It is indeed ironical that a terminal built to accommodate rail has to be replaced because it can’t accommodate Caltrain. The terminal was well designed for the trains that came over the bridge and were 20 feet above the street, but now, like in most train stations, the trains will be below grade. This allows the creation of grand spaces above it. But what most people do not realize, the TTT had a grand space before the insertion of the Greyhound Station in 1989.

    The Summer issue SF Heritage Newsletter has a write-up on the terminal as Preservation Notes. http://www.sfheritage.org/

  4. Cycy Says:

    Does anyone know of a contact for trying to salvage the cuddles bar? May know of a good home for it….

  5. The end of an era: farewell to the Transbay Terminal – California Beat Says:

    […] with the engineers over efforts to try and add art, ornament or style to the Bay Bridge project,” writes Therese Poletti, a San Francisco journalist and author of a book on Pflueger. “There were also many […]

  6. Edward Says:

    Thanks for the great blogs – I found it infuriating that they offered the tour for 1 day only. Would it have been all that difficult to conduct the tour for 1 week?

    • tpoletti Says:

      I know I agree. I wonder if they are making any of those areas like the bar available just for the last week. It might be working dropping by there and asking them if you can have a peak? Let me know if you do and if you are successful!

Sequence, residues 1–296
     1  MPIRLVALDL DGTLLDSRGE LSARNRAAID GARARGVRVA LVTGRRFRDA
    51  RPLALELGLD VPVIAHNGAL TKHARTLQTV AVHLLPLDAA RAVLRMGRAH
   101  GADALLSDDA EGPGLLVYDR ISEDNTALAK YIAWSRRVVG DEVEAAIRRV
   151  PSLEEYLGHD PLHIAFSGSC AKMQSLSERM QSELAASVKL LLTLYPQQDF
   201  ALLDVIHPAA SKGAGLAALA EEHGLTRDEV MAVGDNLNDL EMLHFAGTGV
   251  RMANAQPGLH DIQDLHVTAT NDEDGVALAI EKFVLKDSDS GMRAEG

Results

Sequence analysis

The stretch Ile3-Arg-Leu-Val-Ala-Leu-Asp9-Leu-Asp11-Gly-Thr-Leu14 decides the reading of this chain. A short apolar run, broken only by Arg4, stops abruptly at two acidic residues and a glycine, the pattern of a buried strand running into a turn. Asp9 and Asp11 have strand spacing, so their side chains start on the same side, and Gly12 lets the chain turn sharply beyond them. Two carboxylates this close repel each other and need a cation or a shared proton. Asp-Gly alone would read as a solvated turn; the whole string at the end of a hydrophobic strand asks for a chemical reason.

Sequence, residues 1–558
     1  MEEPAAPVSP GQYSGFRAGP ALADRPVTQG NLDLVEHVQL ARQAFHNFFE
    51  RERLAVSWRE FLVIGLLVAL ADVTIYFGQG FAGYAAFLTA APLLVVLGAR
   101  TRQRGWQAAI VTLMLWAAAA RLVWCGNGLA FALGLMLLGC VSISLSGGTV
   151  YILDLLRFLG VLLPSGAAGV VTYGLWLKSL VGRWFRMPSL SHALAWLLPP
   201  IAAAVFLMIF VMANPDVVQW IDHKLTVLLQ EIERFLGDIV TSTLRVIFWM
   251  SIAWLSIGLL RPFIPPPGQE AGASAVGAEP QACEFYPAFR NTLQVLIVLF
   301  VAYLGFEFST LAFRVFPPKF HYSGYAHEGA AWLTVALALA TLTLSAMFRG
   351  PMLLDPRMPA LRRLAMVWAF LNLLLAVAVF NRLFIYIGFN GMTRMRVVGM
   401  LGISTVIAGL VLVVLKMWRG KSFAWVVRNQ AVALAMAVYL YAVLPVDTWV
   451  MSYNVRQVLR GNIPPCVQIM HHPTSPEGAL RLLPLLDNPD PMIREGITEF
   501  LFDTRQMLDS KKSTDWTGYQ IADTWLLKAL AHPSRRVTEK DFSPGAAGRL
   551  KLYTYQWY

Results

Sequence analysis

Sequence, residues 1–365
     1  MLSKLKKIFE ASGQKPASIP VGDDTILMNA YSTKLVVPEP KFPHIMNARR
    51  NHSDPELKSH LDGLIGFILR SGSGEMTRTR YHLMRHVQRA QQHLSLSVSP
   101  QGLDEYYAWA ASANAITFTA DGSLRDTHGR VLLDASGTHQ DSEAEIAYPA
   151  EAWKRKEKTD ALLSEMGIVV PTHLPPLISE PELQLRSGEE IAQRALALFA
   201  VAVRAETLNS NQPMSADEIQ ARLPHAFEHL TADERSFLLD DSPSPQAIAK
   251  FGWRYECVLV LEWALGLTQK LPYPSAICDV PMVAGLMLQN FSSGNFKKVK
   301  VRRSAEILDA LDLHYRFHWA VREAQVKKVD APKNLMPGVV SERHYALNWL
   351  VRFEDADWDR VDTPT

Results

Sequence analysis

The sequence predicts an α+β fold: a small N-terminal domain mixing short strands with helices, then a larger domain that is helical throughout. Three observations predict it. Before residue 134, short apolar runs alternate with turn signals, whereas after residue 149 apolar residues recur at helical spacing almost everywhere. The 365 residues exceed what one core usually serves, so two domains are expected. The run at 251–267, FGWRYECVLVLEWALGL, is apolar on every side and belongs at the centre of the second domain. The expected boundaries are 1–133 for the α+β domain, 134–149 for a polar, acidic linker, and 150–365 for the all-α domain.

7. anthea hartig Says:

    sigh.

    i sadly admit that i do not know as much as i should about this project, being a preservationist. but i am so struck by the apparent lack of imagination in thinking about retention, re-use, or at least decent deconstruction/recycling . . . like many planning efforts from the early part of the 21st-century, this smells to me as conceived in the time of excess and largess.

    while i understand that the needs of high-speed rail differ significantly from its historic precedents, buildings such as this do not deserve to be demonized for what they’ve become at our human hands. rather, we should recognize them for what they once were and what they may become again.

  8. tpoletti Says:

    I thought of that too. I wonder if anyone has approached them. Would be a shame if that were caught up in the demolition.

    Yes the last minute sprucing up is really bizarre.

  9. Bink Says:

    Odd that they would paint a jail that will be demolished in a month.

    I wonder if somebody could purchase the curved bar from Cuddles and place it in their nightclub?